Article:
The Concord Monitor has a story today that UNH School of Law in Concord is about to take its first big steps into the world of online education, and if all goes as planned it will go further and create what it calls the nation’s first specialized law degree. Library services and instruction are part of the plan to support the hybrid J.D.
Burrow-Giles Lithographic Co. v. Sarony, 111 U.S. 53 (1884)
The IP Library is proud to home for the research activities of our Visiting Scholars Program. The Library offers a dedicated Visiting Scholars Office located next to the IP Librarian, Professor Jon Cavicchi who is Faculty Coordinator for the Program. He assists scholars with their research process. We host foru to six scholars from around the world each semester. Scholars choose UNH School of Law because of our esteemed IP Faculty, curriculum and the only dedicated academic IP Library in the U.S..
As announced recently by Director Sue Zago, The UNH Law Library invites you to eat your lunch (or dinner or breakfast) in the library. Snacks are welcome in all parts of the library with the exception of the Gire Archives and the Kenison Room. Please enjoy messy or noisy foods in the Library’s 1st floor Café area (near the study rooms). Please pick up after yourselves and put all trash and food waste in the grey, plastic, covered trash cans. These trash cans are available on each floor and are labelled for food waste. Please do not put food waste in other trash cans.
IDEA the longest IP journal in the U.S. started at GWU Law and moved to Franklin Pierce when it was founded. With several subtitles over time its always been IDEA. The most recent change is: IDEA: The Law Review of the Franklin Pierce Center for Intellectual Property. This title reflects that although it publishes a blend of scholarly and practice based articles, it the the scholarly publication of the IP Center.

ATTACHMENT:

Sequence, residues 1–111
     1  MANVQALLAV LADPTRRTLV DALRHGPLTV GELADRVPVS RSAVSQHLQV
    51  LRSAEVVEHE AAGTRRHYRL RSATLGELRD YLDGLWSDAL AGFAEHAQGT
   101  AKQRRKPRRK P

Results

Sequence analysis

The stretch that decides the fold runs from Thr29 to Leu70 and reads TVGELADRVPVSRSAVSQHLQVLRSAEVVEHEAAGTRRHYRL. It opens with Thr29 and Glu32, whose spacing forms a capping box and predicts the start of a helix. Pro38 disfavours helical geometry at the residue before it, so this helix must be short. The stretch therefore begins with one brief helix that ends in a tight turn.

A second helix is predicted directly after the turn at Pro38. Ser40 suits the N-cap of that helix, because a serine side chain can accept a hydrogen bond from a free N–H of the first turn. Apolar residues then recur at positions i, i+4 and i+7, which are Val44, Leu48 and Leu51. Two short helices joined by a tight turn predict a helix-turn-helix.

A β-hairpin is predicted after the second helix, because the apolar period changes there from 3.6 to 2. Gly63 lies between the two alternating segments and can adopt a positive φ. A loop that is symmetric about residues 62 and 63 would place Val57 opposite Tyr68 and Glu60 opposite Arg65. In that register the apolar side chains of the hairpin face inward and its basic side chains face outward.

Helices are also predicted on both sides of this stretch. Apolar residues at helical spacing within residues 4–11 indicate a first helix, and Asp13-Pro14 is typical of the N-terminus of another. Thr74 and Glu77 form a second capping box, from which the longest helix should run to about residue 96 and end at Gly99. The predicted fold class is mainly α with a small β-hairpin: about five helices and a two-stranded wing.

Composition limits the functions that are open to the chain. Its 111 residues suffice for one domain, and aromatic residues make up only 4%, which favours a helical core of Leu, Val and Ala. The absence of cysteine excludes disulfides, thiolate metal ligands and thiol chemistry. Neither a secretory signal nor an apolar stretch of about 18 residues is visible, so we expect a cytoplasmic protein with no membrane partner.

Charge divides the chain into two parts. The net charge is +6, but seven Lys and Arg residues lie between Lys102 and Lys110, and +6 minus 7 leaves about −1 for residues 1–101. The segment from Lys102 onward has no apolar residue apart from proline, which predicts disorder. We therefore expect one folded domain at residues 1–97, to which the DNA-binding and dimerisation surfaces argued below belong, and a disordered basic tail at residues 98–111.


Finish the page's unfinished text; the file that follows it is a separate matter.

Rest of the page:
The USPTO announced today the issue of U.S. patent number 10 million. More than just a number, patent 10 million celebrates the rich history and strength of the American intellectual property system dating back to the first U.S. patent, signed 228 years ago by George Washington on July 31, 1790, and issued to Samuel Hopkins for a process of making potash, an ingredient used in fertilizer.
Our friends at IP Magazine report today:
Animals do not have “statutory standing to sue under the US Copyright Act”, the US Court of Appeals for the Ninth Circuit has held.
Happy 15th Anniversary Serving IP professors, scholars and public policy professinals, IPPROFS is a service of UNH Law’s Franklin Pierce Center for Intellectual Property and the UNH Law IP Library.